7Figure 3:How much does your office participate in helping to set priority goalsfor your agency?Executives 13% 34% 11% 21% 11% 11% Online 6% 18% 12% 28% 26% 10% Never Seldom About half the time Usually Always Does not applyPerhaps because the executives were not gener- respondent said, “The finance department worksally responsible for the statewide performance closely with the mayor’s office to set citywidemanagement function, few of them indicated goals.” A number of online respondents also men-any role in setting state goals, as indicated in tioned that working with the budget put them inFigure 3. Many mentioned that the goals were a position to influence goals. Overall, it appearedset by the governor and his cabinet. Some that the respondents’ role in goal-setting wasindicated that they were involved only when the influenced by the specific individuals involved.goals related to financing decisions or debt. One One respondent noted, “Depending on the man-executive noted, “Mostly the priorities of the agement style of the elected officials, we are eitherstate are set at the top and flow down.” included in setting priorities or are flat-out told what priorities are the most important.”The online respondents had a somewhat dif-ferent view, as can be seen in Figure 3. Some of Datathe online respondents had comments similar to Performance management is data-intensive, sothe executives, including the notion of top down the survey asked how satisfied respondents wereguidance, but many others were involved in with their current capabilities for capturing datagoal-setting. In some cases, this may have been relevant to performance management. Figure 4because they worked in local government. One shows the results.Figure 4:How satisfied are you with your office’s current capabilities for capturingrelevant data for performance measurement? 0% 0%Executives 5% 22% 24% 38% 11% Online 5% 14% 31% 29% 9% 12% Very dissatisfied Dissatisfied Neither satisfied nor dissatisfied Satisfied Very satisfied Does not apply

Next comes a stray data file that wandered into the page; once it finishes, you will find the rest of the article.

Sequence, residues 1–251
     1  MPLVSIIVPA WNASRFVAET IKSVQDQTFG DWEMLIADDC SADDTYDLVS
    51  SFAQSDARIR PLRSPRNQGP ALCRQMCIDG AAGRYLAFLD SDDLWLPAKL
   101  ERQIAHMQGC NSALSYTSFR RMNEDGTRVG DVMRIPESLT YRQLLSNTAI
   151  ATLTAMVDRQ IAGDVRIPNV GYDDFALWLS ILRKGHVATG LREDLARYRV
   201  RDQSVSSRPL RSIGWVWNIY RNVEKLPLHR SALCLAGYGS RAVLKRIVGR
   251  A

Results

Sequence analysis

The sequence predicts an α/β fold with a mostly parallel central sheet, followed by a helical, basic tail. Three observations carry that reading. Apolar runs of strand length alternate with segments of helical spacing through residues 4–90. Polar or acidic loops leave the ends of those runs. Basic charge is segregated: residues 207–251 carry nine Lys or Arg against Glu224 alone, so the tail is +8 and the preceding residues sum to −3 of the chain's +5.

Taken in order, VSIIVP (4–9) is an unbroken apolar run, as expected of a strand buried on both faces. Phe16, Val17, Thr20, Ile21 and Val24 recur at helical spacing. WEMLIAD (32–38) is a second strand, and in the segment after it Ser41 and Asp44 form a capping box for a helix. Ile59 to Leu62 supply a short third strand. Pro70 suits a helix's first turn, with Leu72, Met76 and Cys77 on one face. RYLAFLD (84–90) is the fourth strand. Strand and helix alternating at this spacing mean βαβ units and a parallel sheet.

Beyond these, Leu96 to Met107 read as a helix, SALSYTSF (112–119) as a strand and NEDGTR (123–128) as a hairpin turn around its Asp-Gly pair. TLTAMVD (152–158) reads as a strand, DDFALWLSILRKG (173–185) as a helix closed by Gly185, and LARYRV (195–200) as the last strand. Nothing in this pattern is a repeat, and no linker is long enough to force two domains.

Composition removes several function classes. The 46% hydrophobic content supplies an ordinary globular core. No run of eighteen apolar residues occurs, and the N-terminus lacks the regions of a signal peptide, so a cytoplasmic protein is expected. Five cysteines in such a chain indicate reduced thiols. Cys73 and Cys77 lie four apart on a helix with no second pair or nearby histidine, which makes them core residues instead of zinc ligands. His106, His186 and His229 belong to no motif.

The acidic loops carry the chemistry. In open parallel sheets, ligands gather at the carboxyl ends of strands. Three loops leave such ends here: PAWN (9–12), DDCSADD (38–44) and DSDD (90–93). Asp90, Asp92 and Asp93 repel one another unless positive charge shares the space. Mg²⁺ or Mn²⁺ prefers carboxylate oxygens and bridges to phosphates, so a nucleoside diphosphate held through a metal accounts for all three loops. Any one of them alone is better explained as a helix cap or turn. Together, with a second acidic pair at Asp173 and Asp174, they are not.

8 Slightly more online respondents commented that they were dissatisfied with their capabili- ties. Some indicated that it was difficult to get the various reporting offices to “get on board”; others mentioned the lack of systems support, difficulties in measuring, and a lack of metrics. One respondent said, “We have antiquated systems coupled with questionable measures that are generally selected only because they make us look good.” More respondents than in either of these two categories commented on continuing improve- ments in data collection. Their comments were typically along the lines of “things are OK, Figure 4 appears to show that executives are but we can do better” or “we are continuing to slightly more satisfied than dissatisfied with their improve.” These respondents had some good data collection capabilities, and about half of the capabilities, but they were still not satisfied. executives provided additional comments. A few of those indicated that there were limited or no The final category included respondents who collection capabilities, but more of the com- noted the difficulty of setting quantifiable goals ments were positive about current or evolving or agreeing on what should be measured, and capabilities, even when there were constraints. the difficulty of identifying funding to procure One respondent noted, “We easily capture new systems. Some noted that their offices or financial information, which is relevant but often agencies were not really committed to “the idea incomplete for performance management.” of accountability through performance.” One respondent noted, “Our office does not feel that According to Figure 4, the online respondents performance measures would help us function seemed to be even more satisfied than executives, more efficiently.” and their comments tended to support this. Their comments roughly fell into four catego- About a quarter to a third of the respondents ries: satisfied, dissatisfied, continuing to improve, selected “neither satisfied nor dissatisfied.” If and other issues. A number of respondents com- this middle choice is viewed as a surrogate for “I mented that they had the data they needed to do don’t know/I don’t care,” it is disturbing that so the job, including mature systems, data ware- many have this attitude about performance data houses, and access. One respondent said, “Data collection, especially when additional work in is available, automated, valid, and reliable.” this area appears to be indicated.